Your EMR privacy policy, first and foremost, should be practical


It's not hard to find recent examples of privacy and security at odds with electronic medical records (EMRs). Just this week, for instance, a federal grand jury indicted a former employee of University of Maryland Medical Center with stealing patient identities. Wake Forest Baptist Health in North Carolina, meanwhile, notified 357 people (including employees and patients) that a former employee was hoarding their medical records at home.

Headlines such as these can be scary. What may be even more frightening, however, is that many providers or healthcare organizations unwittingly are violating the trust of their patients every day--without consciously trying.

Look at the recent example at Tufts Medical Center in Boston, where a patient filed a lawsuit after the hospital faxed her medical records containing information on a hysterectomy to her workplace without her consent--causing personal embarrassment. The patient said she had asked the hospital to send a form addressing a disability claim.

"I feel like I might have walked in [the office] naked," the patient told the Boston Globe. "I can't go back there."

I, myself, even encountered this issue on a recent visit to a local hospital emergency room. The nurse keying information into my medical record asked if I experience fear or abuse in my home environment. My answer was no, but I thought it was an odd question to ask in front of my family, who happened to be sitting with me. The nurse appeared so wrapped up in keying in answers that she failed to make a connection of how such a question might raise an uncomfortable privacy issue.

Again, these are day-to-day examples of what can happen--but they can add up. Just ask Alan Westin, a professor of public law and government emeritus at Columbia University, who has conducted two decades of surveys about privacy and health information technology (HIT).

Speaking last month at a health privacy summit in Washington, Westin said his surveys unveiled many concerns among consumers regarding privacy issues. "HIT programs will not earn the trust and cooperation of many--if not most patients--if these concerns are not successfully addressed," he said.

Using his surveys, Westin divided healthcare consumers (and their responses to privacy issues) into three segments:

"Privacy intense" consumers (about 35 to 40 percent of consumers in the healthcare arena) make up the first segment. They generally have a distrustful attitude toward business and government collection and use of personal data.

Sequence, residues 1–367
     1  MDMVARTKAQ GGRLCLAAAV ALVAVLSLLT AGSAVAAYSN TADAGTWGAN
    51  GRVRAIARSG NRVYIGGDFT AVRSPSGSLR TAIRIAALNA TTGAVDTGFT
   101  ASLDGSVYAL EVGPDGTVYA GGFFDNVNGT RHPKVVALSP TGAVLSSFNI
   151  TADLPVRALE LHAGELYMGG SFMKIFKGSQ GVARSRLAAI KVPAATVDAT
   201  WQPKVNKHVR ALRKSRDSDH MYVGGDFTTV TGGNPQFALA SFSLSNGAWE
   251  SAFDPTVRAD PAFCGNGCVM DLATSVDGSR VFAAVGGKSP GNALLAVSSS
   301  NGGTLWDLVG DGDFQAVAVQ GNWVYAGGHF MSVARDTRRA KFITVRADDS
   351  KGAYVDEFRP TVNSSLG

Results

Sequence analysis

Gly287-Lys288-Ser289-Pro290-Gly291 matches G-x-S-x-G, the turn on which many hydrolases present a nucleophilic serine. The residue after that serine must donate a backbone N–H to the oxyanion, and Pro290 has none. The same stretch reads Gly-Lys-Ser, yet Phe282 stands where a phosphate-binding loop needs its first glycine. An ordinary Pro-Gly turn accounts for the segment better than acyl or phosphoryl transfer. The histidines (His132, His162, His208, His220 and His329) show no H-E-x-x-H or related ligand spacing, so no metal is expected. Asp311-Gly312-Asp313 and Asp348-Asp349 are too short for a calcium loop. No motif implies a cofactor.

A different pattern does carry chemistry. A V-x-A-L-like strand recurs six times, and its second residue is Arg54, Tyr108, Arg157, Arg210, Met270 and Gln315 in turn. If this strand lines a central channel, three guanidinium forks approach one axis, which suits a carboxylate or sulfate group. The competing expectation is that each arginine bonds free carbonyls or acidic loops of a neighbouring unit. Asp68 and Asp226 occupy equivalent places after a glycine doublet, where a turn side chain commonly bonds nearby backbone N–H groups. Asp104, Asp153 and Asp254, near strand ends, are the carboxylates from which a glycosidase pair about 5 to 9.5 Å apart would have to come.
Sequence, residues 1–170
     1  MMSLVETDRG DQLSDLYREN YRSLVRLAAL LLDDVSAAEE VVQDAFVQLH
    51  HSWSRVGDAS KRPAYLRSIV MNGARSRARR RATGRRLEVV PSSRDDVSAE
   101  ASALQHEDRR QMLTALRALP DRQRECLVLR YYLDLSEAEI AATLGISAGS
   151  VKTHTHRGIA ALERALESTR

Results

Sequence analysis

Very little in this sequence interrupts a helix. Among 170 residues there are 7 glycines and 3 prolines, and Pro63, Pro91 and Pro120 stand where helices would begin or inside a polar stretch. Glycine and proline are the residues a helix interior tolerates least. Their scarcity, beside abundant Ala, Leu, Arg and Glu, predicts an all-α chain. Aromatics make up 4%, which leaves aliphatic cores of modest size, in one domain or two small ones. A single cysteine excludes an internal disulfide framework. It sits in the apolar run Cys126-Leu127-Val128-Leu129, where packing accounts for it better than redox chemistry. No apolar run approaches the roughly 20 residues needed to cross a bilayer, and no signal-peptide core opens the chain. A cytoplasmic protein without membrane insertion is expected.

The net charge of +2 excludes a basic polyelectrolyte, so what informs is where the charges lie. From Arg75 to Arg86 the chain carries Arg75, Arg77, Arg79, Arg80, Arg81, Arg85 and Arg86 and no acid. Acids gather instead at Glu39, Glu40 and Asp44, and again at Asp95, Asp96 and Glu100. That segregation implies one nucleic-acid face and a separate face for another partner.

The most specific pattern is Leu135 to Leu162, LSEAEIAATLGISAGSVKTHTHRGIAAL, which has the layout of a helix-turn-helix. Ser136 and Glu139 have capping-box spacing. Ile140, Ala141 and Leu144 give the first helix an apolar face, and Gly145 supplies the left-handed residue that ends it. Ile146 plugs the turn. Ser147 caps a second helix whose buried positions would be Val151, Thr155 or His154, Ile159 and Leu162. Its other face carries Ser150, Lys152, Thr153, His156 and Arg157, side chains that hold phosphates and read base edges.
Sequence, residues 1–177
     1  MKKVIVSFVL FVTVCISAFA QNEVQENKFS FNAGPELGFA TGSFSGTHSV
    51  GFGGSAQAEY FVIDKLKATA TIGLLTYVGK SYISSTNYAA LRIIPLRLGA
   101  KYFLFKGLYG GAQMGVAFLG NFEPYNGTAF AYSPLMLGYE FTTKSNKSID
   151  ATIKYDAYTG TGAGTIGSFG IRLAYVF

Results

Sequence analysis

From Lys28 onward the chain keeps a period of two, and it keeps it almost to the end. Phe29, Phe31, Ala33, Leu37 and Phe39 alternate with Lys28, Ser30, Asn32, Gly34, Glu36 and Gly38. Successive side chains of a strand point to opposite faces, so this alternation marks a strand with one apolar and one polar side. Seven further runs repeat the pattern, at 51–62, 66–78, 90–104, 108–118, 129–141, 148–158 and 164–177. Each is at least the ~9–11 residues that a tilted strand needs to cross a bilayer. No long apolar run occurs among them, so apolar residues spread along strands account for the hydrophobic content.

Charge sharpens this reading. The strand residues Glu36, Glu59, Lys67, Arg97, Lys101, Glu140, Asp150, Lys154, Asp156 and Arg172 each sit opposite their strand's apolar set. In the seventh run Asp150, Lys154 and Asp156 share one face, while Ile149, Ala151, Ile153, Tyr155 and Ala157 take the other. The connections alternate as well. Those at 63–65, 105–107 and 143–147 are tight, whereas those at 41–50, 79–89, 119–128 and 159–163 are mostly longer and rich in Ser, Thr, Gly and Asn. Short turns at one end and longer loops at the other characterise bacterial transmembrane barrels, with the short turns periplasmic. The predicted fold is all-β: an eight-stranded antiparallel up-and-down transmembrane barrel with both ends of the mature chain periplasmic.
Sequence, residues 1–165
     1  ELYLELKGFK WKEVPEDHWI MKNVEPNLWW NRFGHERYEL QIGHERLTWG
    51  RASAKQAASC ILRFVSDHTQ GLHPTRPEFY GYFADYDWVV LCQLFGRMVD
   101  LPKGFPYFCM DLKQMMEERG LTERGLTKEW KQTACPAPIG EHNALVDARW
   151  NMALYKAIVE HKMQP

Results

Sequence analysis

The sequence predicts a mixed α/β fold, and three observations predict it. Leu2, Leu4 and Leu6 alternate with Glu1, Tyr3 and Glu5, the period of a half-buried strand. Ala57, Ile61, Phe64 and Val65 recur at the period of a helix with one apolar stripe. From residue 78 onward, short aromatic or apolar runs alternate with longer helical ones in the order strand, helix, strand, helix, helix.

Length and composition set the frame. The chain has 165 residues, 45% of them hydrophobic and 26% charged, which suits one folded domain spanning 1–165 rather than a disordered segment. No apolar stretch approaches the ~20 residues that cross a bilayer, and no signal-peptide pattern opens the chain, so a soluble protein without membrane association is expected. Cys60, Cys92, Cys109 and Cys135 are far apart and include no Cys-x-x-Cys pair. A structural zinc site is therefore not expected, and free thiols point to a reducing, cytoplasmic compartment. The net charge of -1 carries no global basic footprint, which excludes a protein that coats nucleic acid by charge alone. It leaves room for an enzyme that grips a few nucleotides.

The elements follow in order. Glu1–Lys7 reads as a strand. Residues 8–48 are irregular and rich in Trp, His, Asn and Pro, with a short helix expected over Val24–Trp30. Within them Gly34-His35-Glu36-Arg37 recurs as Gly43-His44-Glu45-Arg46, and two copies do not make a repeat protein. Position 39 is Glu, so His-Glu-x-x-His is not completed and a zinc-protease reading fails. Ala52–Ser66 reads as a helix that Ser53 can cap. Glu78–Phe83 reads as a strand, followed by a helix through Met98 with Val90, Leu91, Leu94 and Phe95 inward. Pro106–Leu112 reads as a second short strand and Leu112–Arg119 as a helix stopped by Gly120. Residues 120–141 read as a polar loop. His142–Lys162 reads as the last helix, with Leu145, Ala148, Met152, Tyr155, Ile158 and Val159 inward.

"They are very worried about the secondary uses of their personally identified medical records and health information by health and life insurers, employers, government programs," Westin said. They especially are concerned about discrimination against persons with various potentially stigmatizing conditions--such as chronic diseases, use of mental-based services, sexually based conditions.

About 50 to 55 percent of consumers are "privacy pragmatists," the second segment. According to Westin, they are individuals who first ask "what's the benefit to [us] as patients or citizens...in the use of health data.

"They want to know what privacy and security risks are encountered when used in this way, and what does the organization promise to do to minimize or eliminate these risks," he continues. When privacy pragmatists get a positive response to these questions, they're content and will support the use of health data, Westin added.

The third segment, the "privacy unconcerned" (about 10 to 15 percent of consumers), tend to be trustful of the actions of business and government. "They have an 'I-have-nothing-to-hide' outlook when it comes to the use of personal information in a digital society," Westin said.

Keeping these groups in mind--and using them to understand how majority public policy likely will be made, it appears important to address the hearts and minds of the privacy pragmatists. "Which way they go will determine where majority support is for various alternative policies in health information," Westin said.

Privacy and security of electronic data is not an abstract idea that's just the responsibility of the federal government or healthcare organizations. It's something that every provider and every consumer needs to take responsibility for--every single day.- Janice

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